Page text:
The state minister for Health, Sarah Opendi, has said government will this year introduce a law on fertility aimed at reducing stigma and discrimination against barren women and men.
“Currently, there is no law that regulates the fertility clinics that are in place in the country and yet the demand for fertility services is growing daily due to technology...We need to regulate this sector,” Opendi said yesterday (March 1) during the opening of the International Federation of Fertility Societies (IFFS) symposium at Kampala Serena hotel.
Opendi said the new law on fertility will include the issues of donor sperms, donor ovaries, surrogate mothers and others.
“Before the end of this year, we shall have a draft law on fertility issues…presented to parliament for consideration,” she said.
The symposium was themed “infertility awareness, access, capacity building and management in sub-Saharan Africa for happy families.”
Opendi said infertility has been a great issue in the country and many barren women are considered as useless and cursed.
“I want to appeal to the public that there is a difference between womanhood and motherhood. So, my failure to become a mother doesn’t mean I am useless in society and there is nothing else that I can do. So, stop stigmatizing women and men who have not given birth because it’s not their choice. They should be given equal opportunities in our societies,” she said.
Infertility issues have been neglected not only in Uganda but in the whole of Africa and other developing countries, but the developed world have gone ahead to handle the infertility issue.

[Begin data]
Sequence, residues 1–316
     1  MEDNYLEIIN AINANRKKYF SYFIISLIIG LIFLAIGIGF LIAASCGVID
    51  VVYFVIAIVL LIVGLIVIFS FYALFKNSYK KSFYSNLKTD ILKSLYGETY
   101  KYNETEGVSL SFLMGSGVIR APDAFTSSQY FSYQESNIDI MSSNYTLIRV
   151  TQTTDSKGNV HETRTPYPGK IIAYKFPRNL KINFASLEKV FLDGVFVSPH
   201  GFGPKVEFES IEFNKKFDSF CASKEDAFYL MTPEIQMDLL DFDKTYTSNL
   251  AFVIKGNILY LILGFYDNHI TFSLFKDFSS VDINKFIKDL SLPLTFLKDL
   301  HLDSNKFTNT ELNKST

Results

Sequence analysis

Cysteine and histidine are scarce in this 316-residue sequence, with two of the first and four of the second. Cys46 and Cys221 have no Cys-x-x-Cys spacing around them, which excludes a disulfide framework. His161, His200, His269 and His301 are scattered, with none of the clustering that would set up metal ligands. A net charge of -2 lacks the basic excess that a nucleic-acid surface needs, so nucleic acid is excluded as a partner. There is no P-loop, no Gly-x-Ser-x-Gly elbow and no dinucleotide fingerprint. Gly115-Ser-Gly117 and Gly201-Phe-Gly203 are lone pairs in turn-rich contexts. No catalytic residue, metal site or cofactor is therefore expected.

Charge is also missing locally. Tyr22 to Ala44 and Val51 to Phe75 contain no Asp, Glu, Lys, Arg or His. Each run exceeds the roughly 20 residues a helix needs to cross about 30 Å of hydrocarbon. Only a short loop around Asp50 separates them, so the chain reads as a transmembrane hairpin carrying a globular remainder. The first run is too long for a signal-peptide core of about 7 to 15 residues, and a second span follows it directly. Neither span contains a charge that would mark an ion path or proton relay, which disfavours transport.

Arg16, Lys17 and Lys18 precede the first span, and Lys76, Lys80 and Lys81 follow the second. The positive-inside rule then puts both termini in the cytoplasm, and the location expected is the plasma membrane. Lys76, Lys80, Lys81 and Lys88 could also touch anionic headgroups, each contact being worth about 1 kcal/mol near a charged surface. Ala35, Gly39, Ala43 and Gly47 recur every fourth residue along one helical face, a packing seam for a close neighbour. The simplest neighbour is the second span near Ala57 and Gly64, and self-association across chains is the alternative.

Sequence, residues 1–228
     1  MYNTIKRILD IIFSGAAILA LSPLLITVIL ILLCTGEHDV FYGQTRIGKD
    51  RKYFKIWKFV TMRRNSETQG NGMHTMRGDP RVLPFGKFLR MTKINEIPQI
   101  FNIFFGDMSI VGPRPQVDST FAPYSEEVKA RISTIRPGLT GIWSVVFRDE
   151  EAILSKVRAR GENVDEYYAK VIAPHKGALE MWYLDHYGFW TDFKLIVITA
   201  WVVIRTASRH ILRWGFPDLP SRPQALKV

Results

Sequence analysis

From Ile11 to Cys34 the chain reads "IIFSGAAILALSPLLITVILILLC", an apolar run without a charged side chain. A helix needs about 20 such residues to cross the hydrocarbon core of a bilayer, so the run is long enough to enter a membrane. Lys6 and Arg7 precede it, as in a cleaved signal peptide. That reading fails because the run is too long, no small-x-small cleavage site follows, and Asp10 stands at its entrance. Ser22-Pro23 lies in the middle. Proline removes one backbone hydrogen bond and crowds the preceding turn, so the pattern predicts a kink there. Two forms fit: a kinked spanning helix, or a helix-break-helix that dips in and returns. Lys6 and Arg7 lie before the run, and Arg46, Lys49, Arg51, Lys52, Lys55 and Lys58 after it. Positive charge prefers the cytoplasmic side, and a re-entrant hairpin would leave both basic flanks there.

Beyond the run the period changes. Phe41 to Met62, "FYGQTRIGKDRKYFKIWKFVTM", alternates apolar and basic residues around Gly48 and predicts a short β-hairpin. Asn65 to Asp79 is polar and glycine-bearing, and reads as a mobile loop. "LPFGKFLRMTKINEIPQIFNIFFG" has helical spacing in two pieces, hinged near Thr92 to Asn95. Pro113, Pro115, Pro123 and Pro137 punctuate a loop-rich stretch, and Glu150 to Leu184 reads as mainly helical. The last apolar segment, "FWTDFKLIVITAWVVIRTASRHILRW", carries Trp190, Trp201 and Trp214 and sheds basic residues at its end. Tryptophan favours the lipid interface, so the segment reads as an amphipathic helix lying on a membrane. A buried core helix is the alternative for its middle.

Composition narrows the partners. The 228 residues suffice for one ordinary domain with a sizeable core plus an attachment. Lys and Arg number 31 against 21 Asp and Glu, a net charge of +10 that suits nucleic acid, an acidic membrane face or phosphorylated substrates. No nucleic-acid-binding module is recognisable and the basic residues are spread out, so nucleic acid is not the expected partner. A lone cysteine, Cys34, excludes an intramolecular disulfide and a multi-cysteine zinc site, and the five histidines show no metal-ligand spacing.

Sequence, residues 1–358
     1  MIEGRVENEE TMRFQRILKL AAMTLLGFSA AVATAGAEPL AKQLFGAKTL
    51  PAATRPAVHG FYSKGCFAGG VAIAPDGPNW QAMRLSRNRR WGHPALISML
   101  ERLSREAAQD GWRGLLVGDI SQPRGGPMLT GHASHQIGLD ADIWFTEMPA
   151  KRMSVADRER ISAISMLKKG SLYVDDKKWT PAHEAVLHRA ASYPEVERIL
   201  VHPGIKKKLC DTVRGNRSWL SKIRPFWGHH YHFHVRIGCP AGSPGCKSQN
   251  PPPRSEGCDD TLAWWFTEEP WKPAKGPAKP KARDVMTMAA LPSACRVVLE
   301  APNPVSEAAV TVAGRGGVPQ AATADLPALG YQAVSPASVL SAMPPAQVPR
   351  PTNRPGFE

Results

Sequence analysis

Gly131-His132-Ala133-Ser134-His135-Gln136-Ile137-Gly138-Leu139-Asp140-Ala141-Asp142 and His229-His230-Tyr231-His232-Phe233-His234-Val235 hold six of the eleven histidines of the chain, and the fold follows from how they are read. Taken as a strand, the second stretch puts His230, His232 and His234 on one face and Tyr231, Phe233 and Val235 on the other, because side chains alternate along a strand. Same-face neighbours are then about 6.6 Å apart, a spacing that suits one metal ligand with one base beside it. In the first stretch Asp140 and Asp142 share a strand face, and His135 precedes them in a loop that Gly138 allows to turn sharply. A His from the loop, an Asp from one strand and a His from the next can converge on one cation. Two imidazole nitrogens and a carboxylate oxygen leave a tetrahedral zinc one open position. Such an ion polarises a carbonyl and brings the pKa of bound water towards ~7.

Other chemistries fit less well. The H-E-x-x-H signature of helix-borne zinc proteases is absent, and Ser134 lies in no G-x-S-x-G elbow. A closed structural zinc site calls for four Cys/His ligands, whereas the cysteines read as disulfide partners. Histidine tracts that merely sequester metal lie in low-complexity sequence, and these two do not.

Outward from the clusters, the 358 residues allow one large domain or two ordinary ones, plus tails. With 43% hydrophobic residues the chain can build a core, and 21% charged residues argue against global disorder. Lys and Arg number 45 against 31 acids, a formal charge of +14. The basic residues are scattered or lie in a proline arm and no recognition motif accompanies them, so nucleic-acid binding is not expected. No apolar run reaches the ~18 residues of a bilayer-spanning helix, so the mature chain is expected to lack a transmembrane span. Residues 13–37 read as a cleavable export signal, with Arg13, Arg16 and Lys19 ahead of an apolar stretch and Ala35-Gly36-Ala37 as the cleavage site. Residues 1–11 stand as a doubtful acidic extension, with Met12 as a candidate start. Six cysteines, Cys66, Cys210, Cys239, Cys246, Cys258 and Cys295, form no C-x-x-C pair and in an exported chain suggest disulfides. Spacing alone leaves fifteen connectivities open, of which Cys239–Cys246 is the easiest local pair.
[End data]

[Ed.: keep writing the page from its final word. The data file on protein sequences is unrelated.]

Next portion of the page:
“Although Uganda has a high fertility rate [about seven children per woman], there is a big number of couples who suffer from infertility. In Uganda, about 10 to 15 per cent of the couples cannot have children due to infertility, but 50 per cent is [dependent on males],” she said.
She advised couples with infertility issues to always go to hospitals for help instead of going to witchdoctors or pastors.
Causes of infertility include poor quality sperms in men, premature ejaculation, smoking, over consumption of alcohol and other toxic drugs, etc.
“In women, causes of infertility include unsafe abortions, fibroids, blocked fallopian tubes due to untreated Sexually Transmitted Diseases, poor nutrition and others,” she said.
The deputy speaker of parliament Jacob Oulanyah, who opened the symposium on behalf of President Museveni, said the major cause of infertility issues in Uganda is due to untreated infections.
“All couples are advised to seek early treatment on STDs to avoid infertility,” he said.